IBM has unveiled the world's smallest computer - a device no bigger that a grain of salt. Presented at the company's Think 2018 conference in Las Vegas, Nevada, the unit measures just 1mm by 1mm but has the same processing power as the x86 chip that ran early Nineties IBM desktop computers. The microscopic "crypto-anchor" CPU is essentially an anti-fraud device, designed to be embedded within price tags and product packaging like barcodes, tracking and logging the movement of goods during shipping. "The world's smallest computer is an IBM-designed edge device architecture and computing platform that is smaller than a grain of salt will cost less than 10 cents to manufacture and can monitor, analyse, communicate and even act on data," the company said. "It packs several hundred thousand transistors into a footprint barely visible to the human eye and can help verify that a product has been handled properly throughout its long journey."
On Sunday night, a woman died after she was hit by a self-driving car operated by Uber in Tempe, Ariz. The car was operating autonomously, though a safety driver was behind the wheel, according to a statement from the local police. Uber is one of many companies now testing this kind of vehicle in Arizona, California and other parts of the country. Waymo, the self-driving car company owned by Google's parent company, Alphabet, has said it is also operating autonomous cars on the outskirts of Phoenix without a safety driver behind the wheel. On Monday, Uber said it was halting tests in Tempe, Pittsburgh, Toronto and San Francisco.
Sunday evening, one of Uber's autonomous SUVs struck a woman who later died at the hospital as a result of her injuries. It appears to be the first time a pedestrian has died after a collision with an autonomous vehicle, and as a result, Uber has temporarily suspended all its testing. While an investigation is ongoing, the Tempe police chief provided an update based on video from the car itself, and said "it's very clear it would have been difficult to avoid this collision in any kind of mode (autonomous or human-driven) based on how she came from the shadows right into the roadway." Still, if there's a chance for widespread adoption of self-driving car technology, the amount of transparency Uber displays right now will be important. The idea of a data-science company no one has ever heard of attempting to poke around in a country's collective psyche sounds like a plot out of Black Mirror, and yet here we are.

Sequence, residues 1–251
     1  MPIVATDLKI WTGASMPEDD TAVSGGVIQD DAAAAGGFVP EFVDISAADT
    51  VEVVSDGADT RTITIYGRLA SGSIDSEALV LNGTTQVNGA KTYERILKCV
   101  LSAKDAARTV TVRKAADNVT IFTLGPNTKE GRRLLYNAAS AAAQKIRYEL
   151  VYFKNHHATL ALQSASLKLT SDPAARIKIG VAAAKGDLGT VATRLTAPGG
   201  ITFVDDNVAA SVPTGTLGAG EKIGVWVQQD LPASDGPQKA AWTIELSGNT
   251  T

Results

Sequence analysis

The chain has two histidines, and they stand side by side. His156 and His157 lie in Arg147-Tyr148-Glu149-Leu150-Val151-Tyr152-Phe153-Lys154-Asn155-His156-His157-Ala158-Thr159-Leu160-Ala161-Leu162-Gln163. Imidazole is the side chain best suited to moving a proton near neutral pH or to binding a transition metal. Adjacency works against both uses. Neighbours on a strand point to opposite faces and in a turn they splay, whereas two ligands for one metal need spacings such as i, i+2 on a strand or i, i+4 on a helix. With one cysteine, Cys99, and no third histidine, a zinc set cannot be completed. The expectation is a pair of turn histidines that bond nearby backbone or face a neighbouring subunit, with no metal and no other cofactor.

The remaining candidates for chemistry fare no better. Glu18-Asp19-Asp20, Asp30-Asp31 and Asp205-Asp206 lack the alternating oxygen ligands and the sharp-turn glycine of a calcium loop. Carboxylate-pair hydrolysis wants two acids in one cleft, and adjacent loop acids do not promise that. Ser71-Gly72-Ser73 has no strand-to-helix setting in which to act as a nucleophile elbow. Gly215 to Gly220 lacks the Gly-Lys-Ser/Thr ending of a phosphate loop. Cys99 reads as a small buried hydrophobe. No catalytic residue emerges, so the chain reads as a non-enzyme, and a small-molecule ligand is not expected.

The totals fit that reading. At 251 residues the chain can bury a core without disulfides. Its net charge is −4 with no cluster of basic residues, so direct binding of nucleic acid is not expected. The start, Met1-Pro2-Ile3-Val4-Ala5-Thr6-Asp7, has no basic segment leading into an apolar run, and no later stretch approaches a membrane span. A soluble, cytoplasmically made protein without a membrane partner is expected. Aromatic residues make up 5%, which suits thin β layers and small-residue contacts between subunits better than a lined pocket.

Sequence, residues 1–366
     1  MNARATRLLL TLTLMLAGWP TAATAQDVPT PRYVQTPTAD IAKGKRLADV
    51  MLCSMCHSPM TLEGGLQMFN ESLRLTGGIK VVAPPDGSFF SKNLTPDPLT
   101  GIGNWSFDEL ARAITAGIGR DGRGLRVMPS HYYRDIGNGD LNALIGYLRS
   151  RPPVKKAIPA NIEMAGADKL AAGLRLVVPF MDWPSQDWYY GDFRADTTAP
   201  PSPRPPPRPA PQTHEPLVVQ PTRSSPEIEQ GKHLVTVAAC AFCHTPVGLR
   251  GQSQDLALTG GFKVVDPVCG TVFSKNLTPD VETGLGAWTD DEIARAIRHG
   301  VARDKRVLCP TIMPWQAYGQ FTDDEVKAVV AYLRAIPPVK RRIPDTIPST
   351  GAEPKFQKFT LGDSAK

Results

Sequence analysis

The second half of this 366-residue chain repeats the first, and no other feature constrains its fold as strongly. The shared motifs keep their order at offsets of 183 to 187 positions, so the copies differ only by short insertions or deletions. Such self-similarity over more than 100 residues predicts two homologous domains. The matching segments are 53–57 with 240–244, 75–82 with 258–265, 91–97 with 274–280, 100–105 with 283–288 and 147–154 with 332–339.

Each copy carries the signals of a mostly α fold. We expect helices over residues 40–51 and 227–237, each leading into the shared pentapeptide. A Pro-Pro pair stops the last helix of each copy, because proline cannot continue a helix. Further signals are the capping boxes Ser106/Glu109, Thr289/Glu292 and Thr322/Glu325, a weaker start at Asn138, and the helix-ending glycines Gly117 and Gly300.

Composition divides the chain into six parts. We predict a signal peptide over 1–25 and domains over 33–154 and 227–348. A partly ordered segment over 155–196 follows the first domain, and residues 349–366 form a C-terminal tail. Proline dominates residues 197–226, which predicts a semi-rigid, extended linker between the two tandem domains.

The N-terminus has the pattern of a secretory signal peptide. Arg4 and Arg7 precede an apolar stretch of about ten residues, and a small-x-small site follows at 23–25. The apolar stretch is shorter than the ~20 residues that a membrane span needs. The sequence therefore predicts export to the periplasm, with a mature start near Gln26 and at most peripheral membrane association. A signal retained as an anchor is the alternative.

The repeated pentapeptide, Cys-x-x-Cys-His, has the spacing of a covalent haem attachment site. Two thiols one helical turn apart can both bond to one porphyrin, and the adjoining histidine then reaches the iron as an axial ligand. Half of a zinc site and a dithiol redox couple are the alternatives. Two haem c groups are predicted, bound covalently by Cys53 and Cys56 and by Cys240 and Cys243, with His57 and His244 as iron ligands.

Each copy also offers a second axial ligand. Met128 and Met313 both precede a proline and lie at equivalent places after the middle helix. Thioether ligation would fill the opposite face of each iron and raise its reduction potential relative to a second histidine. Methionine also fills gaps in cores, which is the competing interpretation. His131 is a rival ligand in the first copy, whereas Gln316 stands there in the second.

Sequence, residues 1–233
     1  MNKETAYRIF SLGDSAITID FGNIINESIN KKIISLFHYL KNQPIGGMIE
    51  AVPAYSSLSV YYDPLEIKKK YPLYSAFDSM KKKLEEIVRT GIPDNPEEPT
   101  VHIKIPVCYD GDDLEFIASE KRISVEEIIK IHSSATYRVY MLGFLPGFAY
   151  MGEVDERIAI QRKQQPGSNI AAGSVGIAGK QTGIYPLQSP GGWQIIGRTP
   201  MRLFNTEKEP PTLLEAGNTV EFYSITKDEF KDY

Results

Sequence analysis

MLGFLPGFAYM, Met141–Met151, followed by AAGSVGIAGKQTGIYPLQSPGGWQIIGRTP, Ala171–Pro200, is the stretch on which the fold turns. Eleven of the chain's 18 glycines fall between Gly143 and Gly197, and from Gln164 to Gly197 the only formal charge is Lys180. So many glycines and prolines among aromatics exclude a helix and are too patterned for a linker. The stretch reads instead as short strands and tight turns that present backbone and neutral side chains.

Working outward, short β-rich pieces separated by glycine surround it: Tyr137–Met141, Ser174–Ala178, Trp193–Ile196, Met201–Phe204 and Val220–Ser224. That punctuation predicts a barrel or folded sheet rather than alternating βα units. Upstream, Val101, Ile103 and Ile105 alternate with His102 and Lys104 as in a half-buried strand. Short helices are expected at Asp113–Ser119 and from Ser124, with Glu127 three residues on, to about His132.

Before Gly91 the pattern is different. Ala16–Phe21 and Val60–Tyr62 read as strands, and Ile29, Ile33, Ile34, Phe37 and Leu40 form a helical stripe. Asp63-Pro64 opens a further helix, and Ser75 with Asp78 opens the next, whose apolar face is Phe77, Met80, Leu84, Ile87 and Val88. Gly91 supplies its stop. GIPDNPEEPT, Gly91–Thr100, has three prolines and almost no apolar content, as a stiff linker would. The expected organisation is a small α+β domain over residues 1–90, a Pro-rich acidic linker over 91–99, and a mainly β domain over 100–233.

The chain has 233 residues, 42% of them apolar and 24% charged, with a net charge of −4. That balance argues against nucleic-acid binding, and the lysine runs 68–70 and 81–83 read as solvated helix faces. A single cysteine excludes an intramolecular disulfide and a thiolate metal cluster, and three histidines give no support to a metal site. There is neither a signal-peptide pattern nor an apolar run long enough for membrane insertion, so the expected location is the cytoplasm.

BOULDER, Colo.--(BUSINESS WIRE)--Artificial intelligence (AI) has worked its way into a variety of industries, from the obvious (autonomous vehicles) to the hidden (anti-money laundering due diligence). But according to a new report from Tractica, while organizations are clearly recognizing the value associated with incorporating AI into their business processes, they are also encountering a number of challenges with integrating this new intelligence into operational processes. Taking AI beyond the proof-of-concept phase to the enterprise scale will require a significant level of professional services to support large implementations, with key service categories including application integration, support and maintenance, training, customization, and installation. Tractica forecasts that the worldwide market for AI services will grow from $10.1 billion in 2017 to $188.3 billion by 2025. The market intelligence firm anticipates that the industry sectors using the highest levels of professional services to support AI deployments will include business services, consumer, healthcare, advertising, and automotive.